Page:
April 20, 1907 [SBMP]: “The power sloop Irene reached Santa Barbara yesterday shortly after noon with a quantity of seals and Captain Nidever on board. The vessel had been cruising around Gull Island. This is an island a short distance east of Santa Cruz which is a regular rookery for gulls above and seals below. Captain Nidever reported very heavy ground swells off the island, but no wind.”
December 11, 1907 [SBMP]: “...The Baltic is yet at the islands with her party camped at Gull Rock on the south side of the island.”
April 3, 1908 [LAT]: “Sad finish to fishing trip. Popular physician drowned in the surf. Dr. Joseph B. Tanner, assistant police surgeon at the Receiving Hospital and one of the most successful and popular young physicians of the Southwest, was drowned in the surf off Gull’s Rock in the Santa Barbara Islands, Wednesday morning. The body was brought here yesterday… Dr. Tanner was one of a party of pleasure seekers who left here Sunday morning for a fishing and hunting trip… All were expert swimmers. They camped on an island Monday night, spent Tuesday fishing, and next morning headed for Santa Cruz Island. Near Gull’s Rock they sighted game. A small boat was put out and Captain Grant and Dr. Tanner, taking rifles and ammunition, went ashore to get fresh meat. They tracked wild hogs for some time and Dr. Tanner wounded one. The chase left them partially exhausted and they returned to the small boat and attempted to put back to the launch. A heavy surf was tumbling on the beach. Dr. Tanner took his station in the stern of the boat, holding the rifles. Captain Grant pushed them off, but before he could gain the oars and get the boat head on against the surf, the light shell turned broadside to the waves and capsized. Dr. Tanner, holding the rifles above his head, jumped into the water. After a struggle he gained the shore. The boat was righted and another attempt made. It resulted in a second spill. Tanner swam to the shore but was caught in the undertow… A second later the heavy barrel of one weapon hit him full in his face, stunning him. He disappeared beneath the water… The launch then put to sea and ran to a near-by fishing camp where Jake Shivley, a fisherman, manned a small boat, went ashore and returned with Dr. Tanner’s body…”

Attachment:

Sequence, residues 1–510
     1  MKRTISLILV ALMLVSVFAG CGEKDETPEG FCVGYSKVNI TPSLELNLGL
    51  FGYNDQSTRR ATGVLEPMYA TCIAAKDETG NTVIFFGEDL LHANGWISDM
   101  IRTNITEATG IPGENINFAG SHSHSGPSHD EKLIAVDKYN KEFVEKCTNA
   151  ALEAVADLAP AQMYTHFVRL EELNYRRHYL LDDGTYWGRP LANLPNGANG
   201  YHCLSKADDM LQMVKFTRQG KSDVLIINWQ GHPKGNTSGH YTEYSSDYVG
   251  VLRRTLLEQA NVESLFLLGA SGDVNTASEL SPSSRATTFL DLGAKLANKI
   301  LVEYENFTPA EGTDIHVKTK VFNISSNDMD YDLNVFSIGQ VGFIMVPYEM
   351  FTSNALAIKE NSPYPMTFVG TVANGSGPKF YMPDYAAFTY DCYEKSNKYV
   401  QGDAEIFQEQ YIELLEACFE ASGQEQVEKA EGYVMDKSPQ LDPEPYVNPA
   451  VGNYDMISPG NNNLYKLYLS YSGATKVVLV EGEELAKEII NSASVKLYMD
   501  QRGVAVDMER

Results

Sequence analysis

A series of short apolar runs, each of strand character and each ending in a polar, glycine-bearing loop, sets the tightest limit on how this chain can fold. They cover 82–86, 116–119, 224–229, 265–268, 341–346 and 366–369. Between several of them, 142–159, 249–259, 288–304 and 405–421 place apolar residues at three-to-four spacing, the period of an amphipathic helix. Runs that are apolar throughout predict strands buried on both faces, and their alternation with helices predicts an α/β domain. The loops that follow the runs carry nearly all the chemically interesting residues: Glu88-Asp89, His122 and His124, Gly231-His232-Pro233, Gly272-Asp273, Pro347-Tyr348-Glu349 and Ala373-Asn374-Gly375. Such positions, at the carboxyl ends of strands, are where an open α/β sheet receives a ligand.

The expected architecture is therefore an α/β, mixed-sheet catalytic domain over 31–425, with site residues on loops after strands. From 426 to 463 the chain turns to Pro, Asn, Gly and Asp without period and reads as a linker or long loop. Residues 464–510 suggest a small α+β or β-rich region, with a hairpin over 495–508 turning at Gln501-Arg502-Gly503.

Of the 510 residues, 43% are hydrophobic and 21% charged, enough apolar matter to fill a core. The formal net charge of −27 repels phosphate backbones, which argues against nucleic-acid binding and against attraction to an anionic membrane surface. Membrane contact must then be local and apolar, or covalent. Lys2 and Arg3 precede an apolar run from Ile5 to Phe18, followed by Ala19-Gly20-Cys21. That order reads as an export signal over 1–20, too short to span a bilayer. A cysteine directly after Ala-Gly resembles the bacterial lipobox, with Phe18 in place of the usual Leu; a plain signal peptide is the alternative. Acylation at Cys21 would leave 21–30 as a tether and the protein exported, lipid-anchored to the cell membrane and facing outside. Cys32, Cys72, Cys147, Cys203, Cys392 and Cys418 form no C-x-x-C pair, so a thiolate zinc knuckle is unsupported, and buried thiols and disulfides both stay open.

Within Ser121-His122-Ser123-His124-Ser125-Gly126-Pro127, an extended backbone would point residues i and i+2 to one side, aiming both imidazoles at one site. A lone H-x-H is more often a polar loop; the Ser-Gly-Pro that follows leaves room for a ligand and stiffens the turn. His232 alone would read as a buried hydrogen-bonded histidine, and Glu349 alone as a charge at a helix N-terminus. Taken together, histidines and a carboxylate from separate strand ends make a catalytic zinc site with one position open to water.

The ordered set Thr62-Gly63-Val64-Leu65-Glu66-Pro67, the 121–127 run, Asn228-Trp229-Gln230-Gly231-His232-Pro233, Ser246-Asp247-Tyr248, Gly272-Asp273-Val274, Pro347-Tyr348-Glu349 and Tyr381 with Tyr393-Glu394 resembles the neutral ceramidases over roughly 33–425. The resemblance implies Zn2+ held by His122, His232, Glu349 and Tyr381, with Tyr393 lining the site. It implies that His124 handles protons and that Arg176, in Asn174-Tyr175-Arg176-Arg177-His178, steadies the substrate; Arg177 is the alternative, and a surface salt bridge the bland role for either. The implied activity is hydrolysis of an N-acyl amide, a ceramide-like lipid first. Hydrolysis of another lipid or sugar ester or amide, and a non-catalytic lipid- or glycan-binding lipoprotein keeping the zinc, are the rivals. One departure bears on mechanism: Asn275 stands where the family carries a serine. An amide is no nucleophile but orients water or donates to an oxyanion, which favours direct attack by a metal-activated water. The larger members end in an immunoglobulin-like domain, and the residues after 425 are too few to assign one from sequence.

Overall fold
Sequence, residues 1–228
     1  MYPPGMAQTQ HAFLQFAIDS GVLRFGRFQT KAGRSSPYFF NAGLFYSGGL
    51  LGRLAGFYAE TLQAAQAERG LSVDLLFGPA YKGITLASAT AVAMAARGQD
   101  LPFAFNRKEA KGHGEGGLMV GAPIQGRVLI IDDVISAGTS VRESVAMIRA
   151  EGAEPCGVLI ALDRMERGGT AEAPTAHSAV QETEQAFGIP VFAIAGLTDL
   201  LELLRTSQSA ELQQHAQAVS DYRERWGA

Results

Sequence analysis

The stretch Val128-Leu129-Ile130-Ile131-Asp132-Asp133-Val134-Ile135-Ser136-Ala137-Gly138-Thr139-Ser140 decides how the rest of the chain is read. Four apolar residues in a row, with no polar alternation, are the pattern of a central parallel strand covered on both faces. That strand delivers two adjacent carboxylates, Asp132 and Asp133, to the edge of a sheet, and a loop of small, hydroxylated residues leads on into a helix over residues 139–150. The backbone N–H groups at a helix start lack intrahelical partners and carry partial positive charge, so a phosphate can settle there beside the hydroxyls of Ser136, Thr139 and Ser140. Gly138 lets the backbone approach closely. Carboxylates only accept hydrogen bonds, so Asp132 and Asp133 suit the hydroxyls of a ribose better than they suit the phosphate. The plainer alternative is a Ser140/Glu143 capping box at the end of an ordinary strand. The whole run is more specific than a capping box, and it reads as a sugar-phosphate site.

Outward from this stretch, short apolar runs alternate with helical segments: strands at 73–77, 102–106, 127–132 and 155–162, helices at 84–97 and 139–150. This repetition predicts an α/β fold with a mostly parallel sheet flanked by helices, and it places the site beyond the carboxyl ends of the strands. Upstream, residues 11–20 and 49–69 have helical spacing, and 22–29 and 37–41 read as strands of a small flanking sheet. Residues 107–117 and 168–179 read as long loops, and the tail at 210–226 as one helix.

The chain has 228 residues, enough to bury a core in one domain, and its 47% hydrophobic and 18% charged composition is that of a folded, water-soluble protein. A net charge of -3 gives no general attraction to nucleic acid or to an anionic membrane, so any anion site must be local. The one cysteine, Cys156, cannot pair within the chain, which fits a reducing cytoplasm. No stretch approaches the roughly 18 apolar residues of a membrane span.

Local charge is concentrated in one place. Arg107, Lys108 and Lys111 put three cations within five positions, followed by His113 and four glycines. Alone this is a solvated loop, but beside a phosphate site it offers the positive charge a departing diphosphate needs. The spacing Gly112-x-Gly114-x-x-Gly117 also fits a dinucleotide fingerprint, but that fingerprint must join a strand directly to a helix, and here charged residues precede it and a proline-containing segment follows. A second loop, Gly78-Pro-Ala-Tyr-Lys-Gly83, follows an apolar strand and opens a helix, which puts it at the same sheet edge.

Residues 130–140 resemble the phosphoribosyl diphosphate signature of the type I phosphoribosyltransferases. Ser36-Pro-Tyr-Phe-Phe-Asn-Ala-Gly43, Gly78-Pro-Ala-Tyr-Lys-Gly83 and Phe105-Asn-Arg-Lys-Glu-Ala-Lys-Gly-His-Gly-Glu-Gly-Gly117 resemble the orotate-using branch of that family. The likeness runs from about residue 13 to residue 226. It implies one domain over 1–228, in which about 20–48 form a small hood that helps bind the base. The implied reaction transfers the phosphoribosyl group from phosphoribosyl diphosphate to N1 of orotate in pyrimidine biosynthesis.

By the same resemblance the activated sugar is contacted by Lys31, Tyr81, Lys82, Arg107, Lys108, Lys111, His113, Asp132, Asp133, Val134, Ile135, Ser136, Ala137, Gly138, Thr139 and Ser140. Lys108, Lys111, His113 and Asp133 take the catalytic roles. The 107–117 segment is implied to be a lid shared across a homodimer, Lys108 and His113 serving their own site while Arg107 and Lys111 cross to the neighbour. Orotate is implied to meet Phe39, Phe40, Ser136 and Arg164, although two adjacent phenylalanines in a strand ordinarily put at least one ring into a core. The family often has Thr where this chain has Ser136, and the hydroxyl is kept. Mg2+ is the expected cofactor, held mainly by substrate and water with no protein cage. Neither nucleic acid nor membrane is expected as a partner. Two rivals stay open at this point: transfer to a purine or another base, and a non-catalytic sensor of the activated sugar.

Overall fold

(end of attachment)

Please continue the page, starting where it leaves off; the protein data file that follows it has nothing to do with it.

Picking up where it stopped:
April 3, 1908 [LAH]: “Dr. Tanner drowned off Santa Cruz. Dies despite efforts of comrades. Body brought to Los Angeles by friends. “Never mind me — save yourself,” last words of physician as life passes from body. With his last thought for a friend, and his last words ones of encouragement, Dr. Joseph Tanner, one of the best known and most popular young physicians and surgeons of Los Angeles, was drowned off Gull Rock on Santa Cruz Bay Wednesday morning at 9:15 o’clock. His body was recovered by comrades who were with the physician on a fishing trip, and was brought to Los Angeles by John Beckwith, a Los Angeles newspaper man, and John C. Wray, deputy game warden, yesterday morning. Dr. Tanner, Beckwith, Wray and Edward Acker left Los Angeles last Sunday morning for a weeks’ cruise up the coast. They had long planned the trip, and many promises of fine catches to be sent acquaintances were made to friends. At San Pedro the party boarded the launch Pedro, Captain A. S. Earquhart, and left for Venice, where Captain Percy M. Grant and Andrew Anderson of the Venice life saving crew joined them. C. A. Stavnew of Venice also joined the party at this point, and at 11:30 Sunday night the crowd left in the launch for Pig’s Point [?] on Santa Cruz Island. They landed there early Monday morning and passed the day fishing. ‘Early Monday morning we broke camp,’ said John M. Beckwith, when questioned about the accident, ‘and headed for Gull Rock enroute for Prisoners’ Harbor, on the channel side of the island. We had selected this place for our camp Wednesday night. We passed three hours fishing when one of the party noticed several wild hogs on the hills about five miles south of Gull Rock. One of Dr. Tanner’s ambitions was to kill a wild hog, and he and Captain Grant decided to take a dory and go to the island and try their luck. The rest of us remained in the boat and watched the captain and the physician on their trip. They landed safely and we saw Dr. Tanner shoot three times at the wild hogs. He and Captain Grant then returned to the shore and we saw them launch the dory. Dr. Tanner sprang into the stern, and the boat passed through the first line of surf. An instant later, we saw Dr. Tanner spring to his feet, and as a wave struck the boat cast his rifle overboard and jump into the waves himself. At the same moment the dory overturned and Captain Grant was thrown into the water. The water at this point was not deep, but Dr. Tanner seemed unable to keep his feet. Captain Grant grasped the physician and held him until Captain Earquhart, who had sprang overboard from the launch and swam ashore, reached them with a life preserver. This he threw Captain Grant, and the latter succeeded after heroic efforts in drawing the unconscious physician ashore. Andrew Anderson then took a flask of whiskey and swam to the aid of Captain Grant, and for two hours the party worked over the unconscious physician in a vain effort to bring him back to life. Under command of Captain Wray the launch then started for Forney’s inlet for assistance. Fortunately a fishing smack with Big Jake Shivley on board was met, and a record trip was made with the body of the physician to San Pedro… Dr. Tanner was born in Pecatonica, Illinois. He was 30 years of age and the third youngest of four children. He moved to Los Angeles With his parents in 1889...”